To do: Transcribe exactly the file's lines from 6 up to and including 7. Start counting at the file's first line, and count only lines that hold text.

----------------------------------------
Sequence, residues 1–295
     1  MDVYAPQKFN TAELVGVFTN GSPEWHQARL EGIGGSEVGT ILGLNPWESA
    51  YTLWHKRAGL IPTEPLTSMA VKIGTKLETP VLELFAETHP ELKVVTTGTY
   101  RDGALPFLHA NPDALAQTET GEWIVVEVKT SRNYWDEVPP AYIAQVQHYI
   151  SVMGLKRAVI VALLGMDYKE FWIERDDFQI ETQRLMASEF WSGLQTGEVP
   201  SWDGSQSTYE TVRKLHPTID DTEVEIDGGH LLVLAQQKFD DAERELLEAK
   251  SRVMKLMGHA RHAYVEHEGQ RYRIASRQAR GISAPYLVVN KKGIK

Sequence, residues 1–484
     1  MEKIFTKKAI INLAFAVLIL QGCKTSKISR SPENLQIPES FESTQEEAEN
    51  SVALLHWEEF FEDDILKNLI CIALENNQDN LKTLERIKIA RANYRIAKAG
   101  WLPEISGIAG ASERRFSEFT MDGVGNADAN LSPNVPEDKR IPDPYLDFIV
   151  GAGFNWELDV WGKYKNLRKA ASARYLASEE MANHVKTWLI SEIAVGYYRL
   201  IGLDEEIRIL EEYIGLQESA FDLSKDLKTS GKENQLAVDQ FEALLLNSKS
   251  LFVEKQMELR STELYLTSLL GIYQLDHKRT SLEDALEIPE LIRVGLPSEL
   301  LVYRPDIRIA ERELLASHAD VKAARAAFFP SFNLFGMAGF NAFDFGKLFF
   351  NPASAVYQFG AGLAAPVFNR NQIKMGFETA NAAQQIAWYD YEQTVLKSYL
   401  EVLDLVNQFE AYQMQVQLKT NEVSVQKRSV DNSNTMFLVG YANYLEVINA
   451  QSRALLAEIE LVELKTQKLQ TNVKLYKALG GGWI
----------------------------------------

   201  SWDGSQSTYE TVRKLHPTID DTEVEIDGGH LLVLAQQKFD DAERELLEAK
   251  SRVMKLMGHA RHAYVEHEGQ RYRIASRQAR GISAPYLVVN KKGIK